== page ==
Extra Pulp: Friend of the Court

Laura Anders Lee's basketball lessons for life.



David Vallejo

I started dribbling and shooting a basketball at a young age, playing H.O.R.S.E. in the driveway with my dad and my brother. By second grade, I was ready to join a team, but the city rec league was all male at the time. My parents enrolled me anyway, and being tall for my age, I competed well. My dad took me to practices and helped coach, and he and my mom cheered me on at every game from the bleachers. In fourth grade, I earned MVP of my otherwise all-boys team. My dad was especially proud.

He spent his childhood shooting a ball through a metal hoop nailed to a tree. Until the last streaks of daylight drained from the sky, he practiced again and again, perfecting his shot and follow-through. One high school game he made 41 points, but the score would have been higher had the three-point shot been created. (That didn’t happen until 1979 when Larry Bird and Magic Johnson were NBA rookies.) Basketball paid my dad’s way through college, and he’s remained a grateful and passionate fan.

By middle school, I was finally able to join a girls team and went on to play high school junior varsity. I had a sweet shot from the baseline that when I hit just right was nothing but net. The sound the ball made was gentler than a kiss.

My most notable shot, however, was off a rebound. Instead of going in the net or off the backboard, the ball bounced 11 times on the back of the rim, momentum waning until it finally stopped completely, perfectly balanced. My teammates and I stared up at the goal in disbelief until the ref called jump ball. I didn’t score, but my dad commented on my soft touch and said in all his years of basketball, he’d never seen that happen.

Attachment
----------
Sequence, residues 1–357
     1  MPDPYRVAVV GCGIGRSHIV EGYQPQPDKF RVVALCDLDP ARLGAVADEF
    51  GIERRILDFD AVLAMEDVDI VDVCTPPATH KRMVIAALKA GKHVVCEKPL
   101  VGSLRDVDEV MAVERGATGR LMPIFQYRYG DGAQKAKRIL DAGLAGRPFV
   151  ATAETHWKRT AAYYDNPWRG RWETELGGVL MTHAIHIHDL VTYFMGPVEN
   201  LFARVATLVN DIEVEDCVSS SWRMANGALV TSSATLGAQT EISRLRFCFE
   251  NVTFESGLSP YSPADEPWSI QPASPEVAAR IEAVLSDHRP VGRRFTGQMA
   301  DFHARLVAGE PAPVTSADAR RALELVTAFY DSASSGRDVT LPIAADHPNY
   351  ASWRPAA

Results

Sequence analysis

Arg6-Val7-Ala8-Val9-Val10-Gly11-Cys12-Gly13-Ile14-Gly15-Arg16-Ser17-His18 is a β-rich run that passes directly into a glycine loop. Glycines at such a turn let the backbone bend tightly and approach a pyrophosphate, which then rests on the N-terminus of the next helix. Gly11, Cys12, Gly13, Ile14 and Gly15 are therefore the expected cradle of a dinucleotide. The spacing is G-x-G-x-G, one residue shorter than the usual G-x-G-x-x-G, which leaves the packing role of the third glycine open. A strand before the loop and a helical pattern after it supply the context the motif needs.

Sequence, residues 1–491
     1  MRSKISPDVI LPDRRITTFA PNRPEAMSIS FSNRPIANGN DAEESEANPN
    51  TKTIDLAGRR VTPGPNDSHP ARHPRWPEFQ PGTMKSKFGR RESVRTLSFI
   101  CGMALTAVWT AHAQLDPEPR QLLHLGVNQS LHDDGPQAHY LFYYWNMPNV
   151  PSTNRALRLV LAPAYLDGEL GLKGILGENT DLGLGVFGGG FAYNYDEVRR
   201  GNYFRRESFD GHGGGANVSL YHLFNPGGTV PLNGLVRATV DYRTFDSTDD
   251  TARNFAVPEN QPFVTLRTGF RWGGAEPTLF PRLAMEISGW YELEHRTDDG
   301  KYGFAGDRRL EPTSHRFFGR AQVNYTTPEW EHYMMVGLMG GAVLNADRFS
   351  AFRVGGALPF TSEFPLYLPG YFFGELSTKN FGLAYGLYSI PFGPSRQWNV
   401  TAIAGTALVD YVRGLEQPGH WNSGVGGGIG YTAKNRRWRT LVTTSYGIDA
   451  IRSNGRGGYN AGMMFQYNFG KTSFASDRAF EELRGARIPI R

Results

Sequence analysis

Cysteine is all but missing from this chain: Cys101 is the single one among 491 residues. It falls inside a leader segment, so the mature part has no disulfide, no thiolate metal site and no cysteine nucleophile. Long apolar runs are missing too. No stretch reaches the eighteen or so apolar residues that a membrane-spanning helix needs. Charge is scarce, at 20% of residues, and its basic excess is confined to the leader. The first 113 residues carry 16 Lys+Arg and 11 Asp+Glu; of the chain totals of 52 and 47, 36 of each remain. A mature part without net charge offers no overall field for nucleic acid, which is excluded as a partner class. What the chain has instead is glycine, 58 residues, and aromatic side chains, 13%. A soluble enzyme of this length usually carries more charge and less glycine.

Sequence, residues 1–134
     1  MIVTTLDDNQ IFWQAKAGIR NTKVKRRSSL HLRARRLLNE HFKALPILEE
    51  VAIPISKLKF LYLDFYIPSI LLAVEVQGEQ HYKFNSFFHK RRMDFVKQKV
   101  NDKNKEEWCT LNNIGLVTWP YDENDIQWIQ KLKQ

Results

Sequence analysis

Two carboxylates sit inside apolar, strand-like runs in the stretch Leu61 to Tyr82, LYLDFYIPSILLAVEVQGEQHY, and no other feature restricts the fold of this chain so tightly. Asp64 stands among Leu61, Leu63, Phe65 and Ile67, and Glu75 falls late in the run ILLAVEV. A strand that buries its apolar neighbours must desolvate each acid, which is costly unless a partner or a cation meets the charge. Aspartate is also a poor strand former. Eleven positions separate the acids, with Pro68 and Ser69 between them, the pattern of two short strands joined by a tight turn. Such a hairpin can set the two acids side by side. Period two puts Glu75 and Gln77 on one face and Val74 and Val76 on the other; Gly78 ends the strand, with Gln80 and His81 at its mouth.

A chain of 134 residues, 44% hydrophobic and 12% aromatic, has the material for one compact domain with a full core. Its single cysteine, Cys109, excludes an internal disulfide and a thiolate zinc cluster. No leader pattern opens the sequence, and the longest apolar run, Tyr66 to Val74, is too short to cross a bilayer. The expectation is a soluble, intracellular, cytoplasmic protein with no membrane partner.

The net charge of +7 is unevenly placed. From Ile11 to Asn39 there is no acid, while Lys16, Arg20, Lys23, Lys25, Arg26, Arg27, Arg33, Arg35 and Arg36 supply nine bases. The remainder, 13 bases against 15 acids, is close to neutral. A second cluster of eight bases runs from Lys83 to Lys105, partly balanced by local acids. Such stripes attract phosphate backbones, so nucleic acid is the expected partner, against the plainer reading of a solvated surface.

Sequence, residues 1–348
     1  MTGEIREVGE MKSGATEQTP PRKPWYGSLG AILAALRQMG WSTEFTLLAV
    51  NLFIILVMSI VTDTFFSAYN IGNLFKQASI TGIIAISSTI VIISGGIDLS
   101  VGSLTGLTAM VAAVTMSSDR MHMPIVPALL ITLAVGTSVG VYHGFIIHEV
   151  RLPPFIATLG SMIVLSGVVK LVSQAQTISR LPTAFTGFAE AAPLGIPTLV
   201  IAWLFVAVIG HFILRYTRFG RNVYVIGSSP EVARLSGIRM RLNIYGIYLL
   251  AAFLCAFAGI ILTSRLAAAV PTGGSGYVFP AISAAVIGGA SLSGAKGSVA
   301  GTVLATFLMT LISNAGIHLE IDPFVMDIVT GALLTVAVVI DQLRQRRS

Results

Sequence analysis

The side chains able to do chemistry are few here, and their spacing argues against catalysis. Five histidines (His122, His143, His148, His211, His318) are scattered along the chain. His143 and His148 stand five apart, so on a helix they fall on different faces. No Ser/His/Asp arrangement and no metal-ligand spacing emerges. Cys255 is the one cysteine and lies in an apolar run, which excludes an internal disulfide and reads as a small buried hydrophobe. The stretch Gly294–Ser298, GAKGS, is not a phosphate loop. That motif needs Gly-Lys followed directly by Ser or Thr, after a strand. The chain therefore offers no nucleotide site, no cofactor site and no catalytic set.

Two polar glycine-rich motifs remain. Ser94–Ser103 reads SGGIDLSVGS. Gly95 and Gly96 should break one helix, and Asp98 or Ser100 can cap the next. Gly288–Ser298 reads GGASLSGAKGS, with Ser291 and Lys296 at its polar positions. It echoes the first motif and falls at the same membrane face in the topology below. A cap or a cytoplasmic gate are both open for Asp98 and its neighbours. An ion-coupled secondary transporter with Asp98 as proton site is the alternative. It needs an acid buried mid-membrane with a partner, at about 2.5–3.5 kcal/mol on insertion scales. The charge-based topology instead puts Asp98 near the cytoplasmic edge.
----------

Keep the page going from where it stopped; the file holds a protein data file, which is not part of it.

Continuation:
By eleventh grade, the other girls on the team were 6 feet tall, while I remained the same 5-8 I’d been since middle school. No longer able to compete as a forward, I quit. I dreaded telling my dad. I didn’t want to let him down. I didn’t want to say goodbye to the sport that had brought us together all those years. But we both realized my size and my talent could only take me so far.

This year, my two sons are playing basketball for the first time. My kindergartner, William, plays on a coed league, and my second-grade son, Anders, plays on an all-boys league—not because there aren’t any girls who want to play, but that there are so many, they have a league of their own.

Walking into the gym with my sons, a wave of nostalgia hits me: the smell of fresh varnish on the floor, the buzz of fluorescent lights, the shrill of the whistle, and that sweet swishing sound of the perfect shot sinking through the net. I’m not sure how long my sons will play, but I’m cherishing this time, as I’m sure my dad did with me. I need to dig out the old VCR and VHS tape from high school and show them my famous rebound.

Basketball has taught me so many lessons, and I hope that will be true for my sons. I loved being part of a team, bonding with my teammates at long practices and summer camps. Adolescent woes were forgotten on the court, and we knew exactly what our purpose was. When we had to run suicides, jammed a finger, shot an airball, or lost a game to the annoying team with the smoke machine, my teammates lessened the blow.

My high school coach, Doug Etheridge, dedicated his life to coaching female basketball. He died of kidney cancer at age 56 after coaching at my high school for 27 years. He had many words of wisdom, but my favorite was, “React, don’t think!” Seems like a funny thing to tell teenagers, but it meant that at game time, he’d already taught us what we needed to know. We didn’t need to waste one second thinking or questioning. We already knew the right thing to do.

More than 30 years ago, I walked onto a basketball court with all boys and played the sport I loved. Being female didn’t stop me from playing. My parents didn’t question it, so to me, it was just normal. They instilled in me a confidence I possessed that day in elementary school, and that I’d later carry into job interviews and boardrooms with all men. I learned that if I want something badly enough, I look at the goal, focus, and take my best shot.

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